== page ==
Holiness All Around

14 Iyyar 5783 | May 5, 2023

Parshat Emor

Rabbanit Michal Kohane

Class of 2020

In honor and in memory of my father, my teacher, Aharon Kohane, whose yahrzeit is this week, on Pesach Sheni.

Leviticus, chapter 23, in the heart of this week’s Torah portion, Emor, is a “go-to” chapter for a complete list of Torah holidays, from Shabbat, through Pesach, the count of the Omer, Shavuot, Rosh Hashana, Yom Kippur, and Sukkot. But are these really all the Torah holidays? And what happens before and after in the parsha? Is Emor just an amalgam of random topics, or can we find a meaningful connection between them?

Emor opens with the words "Emor… Say to the priests" (Leviticus 21:1). The verse continues with the words "sons of Aaron" (ibid.), possibly instructing the priests to remember to be like Aharon, the first High Priest. If so, we must wonder, what is so special about Aharon?

We first meet Aaron in the book of Exodus, happily going out to meet Moses. This joy should be a surprise to us. In the book of Genesis we learned much about sibling rivalry over parental love, inheritance, birthright, blessing, and continuity. For the first time, we encounter an older brother who is "joyful in his heart" (Exodus 4:10) at the greatness of his younger brother, ready to work with him and for him, together leading the nation.

In Pirkei Avot (1:12) we find:

הִלֵּל אוֹמֵר, הֱוֵי מִתַּלְמִידָיו שֶׁל אַהֲרֹן, אוֹהֵב שָׁלוֹם וְרוֹדֵף שָׁלוֹם, אוֹהֵב אֶת הַבְּרִיּוֹת וּמְקָרְבָן לַתּוֹרָה:

Hillel says: Be of the disciples of Aharon, who loves peace and pursues peace.

In Avot D’Rabbi Natan (12:3), we learn Aharon's method, whereby, when he would see two people in dispute, he would go to each of them and tell each separately how sorry the other one is, sitting with them until their hearts soften and each opens up to the other, "and when they met, they hugged and kissed each other."

Aharon becomes a symbol of love for humanity and the pursuit of peace. Even during the incident of the Golden Calf, he opted to stay with the People, trying to direct them to right action, demonstrating the basic quality the priests will need: the ability to see the potential for good beyond the immediate, sometimes petty, here and now.

This ability to connect with what’s beyond comes with a kind of a disconnect from worldly life, necessary for the priests. That’s why a priest is prohibited from contact with the dead; has no land or job, making a living from donations and tithes; and is limited in whom he can marry. These restrictions were meant to protect the priest from life's crises, so he can be sort of a light for the People in their spiritual quest. In order to fulfill their task, the priests receive two gifts (or two roles): to serve in the Temple and to bless the People of Israel. In addition, the High Priest is given the ability to atone for all Israel for their sins before God on Yom Kippur.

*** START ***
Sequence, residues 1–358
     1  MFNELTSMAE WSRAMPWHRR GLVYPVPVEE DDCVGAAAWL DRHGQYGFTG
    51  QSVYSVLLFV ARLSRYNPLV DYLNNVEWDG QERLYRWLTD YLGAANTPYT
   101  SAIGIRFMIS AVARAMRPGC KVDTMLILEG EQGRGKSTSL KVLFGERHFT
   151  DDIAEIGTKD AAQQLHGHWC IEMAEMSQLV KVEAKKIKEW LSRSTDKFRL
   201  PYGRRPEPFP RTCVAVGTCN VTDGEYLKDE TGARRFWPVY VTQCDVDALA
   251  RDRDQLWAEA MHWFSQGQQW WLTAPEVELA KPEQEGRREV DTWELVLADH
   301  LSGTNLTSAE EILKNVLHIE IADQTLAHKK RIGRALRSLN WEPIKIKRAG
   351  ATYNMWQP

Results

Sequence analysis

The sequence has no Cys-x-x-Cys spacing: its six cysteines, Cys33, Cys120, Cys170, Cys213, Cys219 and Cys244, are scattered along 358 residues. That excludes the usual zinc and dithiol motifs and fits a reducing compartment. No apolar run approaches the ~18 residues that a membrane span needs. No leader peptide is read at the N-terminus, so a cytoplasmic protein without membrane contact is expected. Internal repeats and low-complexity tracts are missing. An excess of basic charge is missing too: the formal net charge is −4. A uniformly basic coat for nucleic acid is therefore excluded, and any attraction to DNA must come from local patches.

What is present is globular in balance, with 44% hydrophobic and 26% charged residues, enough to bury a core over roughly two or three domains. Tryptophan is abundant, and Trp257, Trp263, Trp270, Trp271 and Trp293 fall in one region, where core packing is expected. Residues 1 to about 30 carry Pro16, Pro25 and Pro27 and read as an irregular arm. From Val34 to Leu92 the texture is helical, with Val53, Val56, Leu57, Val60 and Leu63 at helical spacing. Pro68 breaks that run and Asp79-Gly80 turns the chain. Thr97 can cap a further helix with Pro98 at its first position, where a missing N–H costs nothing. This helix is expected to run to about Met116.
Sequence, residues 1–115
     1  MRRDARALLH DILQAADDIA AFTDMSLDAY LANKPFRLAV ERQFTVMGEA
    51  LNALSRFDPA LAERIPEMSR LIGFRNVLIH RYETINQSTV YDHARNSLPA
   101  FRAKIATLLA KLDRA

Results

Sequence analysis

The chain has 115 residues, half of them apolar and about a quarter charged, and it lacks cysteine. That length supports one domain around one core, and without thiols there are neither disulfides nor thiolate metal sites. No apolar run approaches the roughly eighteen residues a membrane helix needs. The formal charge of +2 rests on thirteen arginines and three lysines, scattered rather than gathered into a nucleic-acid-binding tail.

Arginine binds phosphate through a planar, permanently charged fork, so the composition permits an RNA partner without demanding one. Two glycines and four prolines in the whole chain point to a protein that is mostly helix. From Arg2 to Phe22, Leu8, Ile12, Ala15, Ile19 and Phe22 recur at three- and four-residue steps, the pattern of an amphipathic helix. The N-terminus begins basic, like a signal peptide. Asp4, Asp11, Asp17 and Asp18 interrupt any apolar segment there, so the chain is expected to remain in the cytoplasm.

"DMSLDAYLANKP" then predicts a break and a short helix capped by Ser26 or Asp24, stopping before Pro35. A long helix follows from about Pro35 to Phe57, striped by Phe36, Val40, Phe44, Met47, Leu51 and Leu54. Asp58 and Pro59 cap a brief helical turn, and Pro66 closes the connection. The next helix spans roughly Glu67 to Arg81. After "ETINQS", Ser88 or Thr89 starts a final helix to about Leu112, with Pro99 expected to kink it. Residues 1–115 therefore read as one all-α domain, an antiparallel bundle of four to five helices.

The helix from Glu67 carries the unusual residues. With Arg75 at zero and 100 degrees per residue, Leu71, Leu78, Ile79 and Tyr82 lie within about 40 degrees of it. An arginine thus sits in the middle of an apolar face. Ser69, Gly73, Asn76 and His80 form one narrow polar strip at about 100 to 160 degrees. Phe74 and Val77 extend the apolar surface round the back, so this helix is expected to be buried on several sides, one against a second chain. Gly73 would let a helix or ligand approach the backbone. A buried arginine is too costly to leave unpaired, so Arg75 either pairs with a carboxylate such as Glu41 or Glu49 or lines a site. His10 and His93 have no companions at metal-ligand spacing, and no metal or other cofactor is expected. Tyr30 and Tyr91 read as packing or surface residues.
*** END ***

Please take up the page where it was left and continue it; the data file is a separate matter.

Setting this at the beginning of this Torah portion, Emor, highlights the holiness of the people and their priests, along with the holiness of the Temple and therefore, that of the Land (to be continued in next week's Torah portion, Behar). Learning about the sanctity of time, Sabbaths, and holidays, helps us create a connection between one’s self, place, and time.

And what about chapter 24? Chapter 23 ends with a strange short verse (23:44):

(מד) וַיְדַבֵּ֣ר מֹשֶׁ֔ה אֶת־מֹעֲדֵ֖י יקוק אֶל־בְּנֵ֖י יִשְׂרָאֵֽל׃ {פ}

So Moses declared to the Israelites the set times of Hashem.

Why does the Torah need to state that after God commanded Moshe regarding the festivals, he did what God said? We do not have such a statement with the other mitzvot of the Torah. Why would we need this kind of "summary," especially if immediately after, chapter 24 begins again with the familiar verse (24:1):

(א) וַיְדַבֵּ֥ר יקוק אֶל־מֹשֶׁ֥ה לֵּאמֹֽר׃

And the Lord spoke to Moses to say:

One way to understand it is that Moses here (in chapter 24) teaches us about holidays that will be added in the future. That is why, after mentioning Sukkot, at the end of the list of holidays in chapter 23, we are commanded to light the menorah, possibly hinting at Hanukkah. Then, we’re told about the show-bread and its twelve loaves, possibly hinting at the month of Adar, the 12th month of the Torah year with the holiday of Purim in it, celebrated with a lavish meal including, according to some traditions, delicacies made from cream of wheat. And finally, the case of the Israelite woman’s son, a person who is half-Israelite, half-Egyptian, who is challenged in his ability of speech, trying to clarify his national identity, perhaps hinting at the time when different identities will be blended to establish the State of Israel.

If so, we can see that Parashat Emor offers us not an amalgam of random topics but a prescription for how to combine the sanctity of people, place, and time. May we too get to experience glimpses of it, and contribute to holiness in and around us.

Shabbat Shalom.